Parents who refused to vaccinate their children played a large part in the spread of measles from Disneyland to seven states and two other countries, says a new study.
The person who originally exposed people to the disease at the popular Southern California theme park has not yet been identified.
However, infectious disease experts from MIT and Boston Children’s Hospital claim that the vaccination rate among the infected people would not have been higher 86%, while herd immunity (mass vaccination compliance) is between 96% and 99%, noted The Los Angeles Times.
The experts stated in their new study, published in the medical journal Pediatrics,: "The ongoing measles outbreak linked to the Disneyland Resort in Anaheim, California, shines a glaring spotlight on our nation’s growing antivaccination movement and the prevalence of vaccination-hesitant parents."
"Parents don’t fear or respect measles, so they don’t value the vaccine,” Dr. William Schaffner, an infectious diseases specialist at Vanderbilt University’s School of Medicine, told The Los Angeles Times. Dr. Schaffner was not part of the study team.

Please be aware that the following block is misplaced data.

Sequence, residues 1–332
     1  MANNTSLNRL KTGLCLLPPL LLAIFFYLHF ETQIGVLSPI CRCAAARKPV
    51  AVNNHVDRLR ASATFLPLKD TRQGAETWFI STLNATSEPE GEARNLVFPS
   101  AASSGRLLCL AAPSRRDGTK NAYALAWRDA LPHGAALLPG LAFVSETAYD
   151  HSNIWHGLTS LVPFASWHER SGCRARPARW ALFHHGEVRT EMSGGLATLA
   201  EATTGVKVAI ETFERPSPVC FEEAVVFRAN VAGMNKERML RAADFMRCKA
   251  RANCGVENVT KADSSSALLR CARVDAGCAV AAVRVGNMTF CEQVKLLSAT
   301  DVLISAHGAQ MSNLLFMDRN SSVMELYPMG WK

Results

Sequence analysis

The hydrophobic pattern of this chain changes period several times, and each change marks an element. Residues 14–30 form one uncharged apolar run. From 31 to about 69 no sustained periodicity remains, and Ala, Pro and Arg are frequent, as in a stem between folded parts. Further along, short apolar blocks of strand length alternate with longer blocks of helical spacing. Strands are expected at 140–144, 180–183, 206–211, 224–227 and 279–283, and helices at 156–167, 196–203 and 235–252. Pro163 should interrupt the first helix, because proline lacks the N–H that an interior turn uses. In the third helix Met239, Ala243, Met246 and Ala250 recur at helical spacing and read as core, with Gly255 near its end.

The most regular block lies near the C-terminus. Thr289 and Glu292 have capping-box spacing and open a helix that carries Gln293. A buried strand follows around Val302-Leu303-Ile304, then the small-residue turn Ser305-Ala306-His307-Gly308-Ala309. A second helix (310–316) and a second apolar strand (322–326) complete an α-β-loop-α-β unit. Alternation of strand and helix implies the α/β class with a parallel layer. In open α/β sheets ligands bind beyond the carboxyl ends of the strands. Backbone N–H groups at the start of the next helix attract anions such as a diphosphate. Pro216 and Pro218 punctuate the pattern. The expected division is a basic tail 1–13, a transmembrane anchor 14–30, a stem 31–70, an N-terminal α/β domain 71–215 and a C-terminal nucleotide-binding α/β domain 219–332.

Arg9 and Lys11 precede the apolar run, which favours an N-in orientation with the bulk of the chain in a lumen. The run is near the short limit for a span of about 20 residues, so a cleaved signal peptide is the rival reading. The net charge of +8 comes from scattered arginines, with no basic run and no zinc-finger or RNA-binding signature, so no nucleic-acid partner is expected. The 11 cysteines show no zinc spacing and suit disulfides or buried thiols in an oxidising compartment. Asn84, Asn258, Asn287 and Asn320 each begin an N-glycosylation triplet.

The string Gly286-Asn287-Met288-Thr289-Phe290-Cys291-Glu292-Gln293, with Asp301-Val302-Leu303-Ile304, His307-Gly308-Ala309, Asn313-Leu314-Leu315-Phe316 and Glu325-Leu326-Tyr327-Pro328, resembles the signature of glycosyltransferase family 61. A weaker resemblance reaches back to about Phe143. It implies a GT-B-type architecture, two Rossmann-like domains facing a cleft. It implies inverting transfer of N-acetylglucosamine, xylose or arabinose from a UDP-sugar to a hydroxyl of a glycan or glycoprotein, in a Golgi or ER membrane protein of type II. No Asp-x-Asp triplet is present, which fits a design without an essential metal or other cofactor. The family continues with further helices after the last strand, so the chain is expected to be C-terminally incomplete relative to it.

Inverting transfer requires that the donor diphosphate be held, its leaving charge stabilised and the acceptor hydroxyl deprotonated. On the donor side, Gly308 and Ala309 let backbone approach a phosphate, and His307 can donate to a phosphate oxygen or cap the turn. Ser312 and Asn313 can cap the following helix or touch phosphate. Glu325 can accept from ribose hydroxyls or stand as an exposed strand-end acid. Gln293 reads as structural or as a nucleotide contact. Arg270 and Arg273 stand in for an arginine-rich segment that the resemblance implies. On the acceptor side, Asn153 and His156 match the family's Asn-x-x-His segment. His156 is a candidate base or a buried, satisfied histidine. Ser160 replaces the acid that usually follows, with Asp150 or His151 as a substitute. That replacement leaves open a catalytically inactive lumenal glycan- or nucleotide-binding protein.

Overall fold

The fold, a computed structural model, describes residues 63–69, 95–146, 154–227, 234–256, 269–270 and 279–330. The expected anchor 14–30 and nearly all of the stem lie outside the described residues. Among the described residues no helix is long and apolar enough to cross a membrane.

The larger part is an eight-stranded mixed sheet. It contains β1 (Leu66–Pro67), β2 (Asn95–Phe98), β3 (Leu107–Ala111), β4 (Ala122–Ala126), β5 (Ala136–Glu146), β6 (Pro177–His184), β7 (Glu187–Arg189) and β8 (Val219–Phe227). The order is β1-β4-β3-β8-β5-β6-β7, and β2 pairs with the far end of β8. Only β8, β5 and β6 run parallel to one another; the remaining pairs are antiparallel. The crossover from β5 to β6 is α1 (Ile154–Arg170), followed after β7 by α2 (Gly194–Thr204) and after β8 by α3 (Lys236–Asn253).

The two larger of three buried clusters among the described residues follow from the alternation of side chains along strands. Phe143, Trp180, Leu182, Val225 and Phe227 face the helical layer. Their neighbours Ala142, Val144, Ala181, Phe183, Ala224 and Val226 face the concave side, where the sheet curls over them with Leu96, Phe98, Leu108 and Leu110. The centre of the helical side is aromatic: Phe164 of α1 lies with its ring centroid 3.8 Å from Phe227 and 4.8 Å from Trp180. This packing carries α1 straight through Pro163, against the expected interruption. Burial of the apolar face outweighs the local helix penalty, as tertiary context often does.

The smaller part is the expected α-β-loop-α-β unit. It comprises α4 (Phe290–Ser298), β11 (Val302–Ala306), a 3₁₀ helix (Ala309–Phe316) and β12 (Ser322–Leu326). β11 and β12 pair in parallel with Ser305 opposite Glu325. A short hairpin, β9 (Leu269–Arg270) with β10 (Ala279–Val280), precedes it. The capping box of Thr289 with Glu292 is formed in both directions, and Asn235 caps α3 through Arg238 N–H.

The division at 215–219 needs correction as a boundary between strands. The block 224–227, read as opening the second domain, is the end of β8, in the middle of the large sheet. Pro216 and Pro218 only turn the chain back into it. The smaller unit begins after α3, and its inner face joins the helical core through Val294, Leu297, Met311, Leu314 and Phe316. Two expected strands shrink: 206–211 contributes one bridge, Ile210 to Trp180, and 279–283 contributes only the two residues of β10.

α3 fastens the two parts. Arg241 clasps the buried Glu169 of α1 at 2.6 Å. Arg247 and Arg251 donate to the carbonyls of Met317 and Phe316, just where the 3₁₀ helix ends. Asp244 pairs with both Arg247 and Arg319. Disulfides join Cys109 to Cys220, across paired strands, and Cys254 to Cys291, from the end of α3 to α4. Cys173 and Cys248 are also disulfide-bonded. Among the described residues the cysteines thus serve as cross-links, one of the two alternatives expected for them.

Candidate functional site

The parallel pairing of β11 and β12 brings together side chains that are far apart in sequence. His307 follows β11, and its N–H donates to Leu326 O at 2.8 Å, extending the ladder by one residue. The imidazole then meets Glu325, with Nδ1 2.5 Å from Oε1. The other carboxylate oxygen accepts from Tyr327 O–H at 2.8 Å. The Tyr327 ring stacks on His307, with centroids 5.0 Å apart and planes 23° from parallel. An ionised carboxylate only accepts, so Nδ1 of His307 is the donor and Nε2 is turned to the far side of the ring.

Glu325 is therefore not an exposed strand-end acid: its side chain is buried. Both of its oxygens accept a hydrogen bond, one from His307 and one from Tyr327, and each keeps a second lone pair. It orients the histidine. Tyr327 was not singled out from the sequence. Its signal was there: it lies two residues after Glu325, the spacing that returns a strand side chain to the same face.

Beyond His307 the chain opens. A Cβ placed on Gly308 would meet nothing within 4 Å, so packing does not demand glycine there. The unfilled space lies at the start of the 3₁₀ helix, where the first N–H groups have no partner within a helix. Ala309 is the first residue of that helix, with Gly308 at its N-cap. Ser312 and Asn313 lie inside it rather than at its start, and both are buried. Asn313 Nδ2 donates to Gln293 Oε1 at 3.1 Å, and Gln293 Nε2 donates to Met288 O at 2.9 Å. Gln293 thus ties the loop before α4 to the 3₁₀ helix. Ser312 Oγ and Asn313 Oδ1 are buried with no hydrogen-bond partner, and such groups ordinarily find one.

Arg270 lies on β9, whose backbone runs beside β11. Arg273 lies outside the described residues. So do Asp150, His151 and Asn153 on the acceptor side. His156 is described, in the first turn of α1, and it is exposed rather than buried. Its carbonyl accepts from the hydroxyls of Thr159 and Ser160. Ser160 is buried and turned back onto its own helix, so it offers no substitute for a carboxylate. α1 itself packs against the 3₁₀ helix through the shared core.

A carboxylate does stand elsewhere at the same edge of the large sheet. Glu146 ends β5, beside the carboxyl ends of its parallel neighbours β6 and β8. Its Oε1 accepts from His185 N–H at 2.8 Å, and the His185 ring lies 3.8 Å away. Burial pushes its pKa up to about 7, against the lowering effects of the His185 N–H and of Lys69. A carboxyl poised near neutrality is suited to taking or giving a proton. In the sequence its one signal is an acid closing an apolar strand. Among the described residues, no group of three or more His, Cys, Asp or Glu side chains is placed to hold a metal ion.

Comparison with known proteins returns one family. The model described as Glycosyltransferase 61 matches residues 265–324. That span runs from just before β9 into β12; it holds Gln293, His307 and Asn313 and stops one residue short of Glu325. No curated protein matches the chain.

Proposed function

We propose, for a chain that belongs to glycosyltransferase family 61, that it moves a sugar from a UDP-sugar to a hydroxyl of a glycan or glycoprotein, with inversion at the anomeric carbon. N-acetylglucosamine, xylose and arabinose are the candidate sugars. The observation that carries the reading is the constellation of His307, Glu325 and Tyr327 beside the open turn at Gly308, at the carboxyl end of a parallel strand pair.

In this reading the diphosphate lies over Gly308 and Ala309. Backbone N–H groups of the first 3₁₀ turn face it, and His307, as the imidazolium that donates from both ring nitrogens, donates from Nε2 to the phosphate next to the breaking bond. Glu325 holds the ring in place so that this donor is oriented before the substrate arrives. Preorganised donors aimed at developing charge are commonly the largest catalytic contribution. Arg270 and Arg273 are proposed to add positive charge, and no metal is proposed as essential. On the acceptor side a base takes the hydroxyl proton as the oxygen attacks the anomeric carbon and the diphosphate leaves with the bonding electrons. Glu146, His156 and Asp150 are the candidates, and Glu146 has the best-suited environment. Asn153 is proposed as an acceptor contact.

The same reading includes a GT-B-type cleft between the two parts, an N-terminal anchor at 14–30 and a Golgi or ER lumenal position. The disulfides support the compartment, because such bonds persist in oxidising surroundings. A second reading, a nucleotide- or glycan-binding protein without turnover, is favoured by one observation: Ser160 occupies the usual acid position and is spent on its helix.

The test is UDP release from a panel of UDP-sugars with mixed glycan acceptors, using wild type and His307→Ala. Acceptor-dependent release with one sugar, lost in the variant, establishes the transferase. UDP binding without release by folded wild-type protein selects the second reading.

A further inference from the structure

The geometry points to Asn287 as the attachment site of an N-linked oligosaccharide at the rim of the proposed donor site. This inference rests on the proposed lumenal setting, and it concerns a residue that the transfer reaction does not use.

While measles is preventable with a simple vaccination, the World Health Organization web site states, "In 2013, there were 145,700 measles deaths globally – about 400 deaths every day or 16 deaths every hour."
In regard to the Disneyland outbreak, the Centers For Disease Control adds:
The outbreak likely started from a traveler who became infected overseas with measles, then visited the amusement park while infectious ... Analysis by CDC scientists shows that the measles virus type in this outbreak (B3) is identical to the virus type that caused the large measles outbreak in the Philippines in 2014.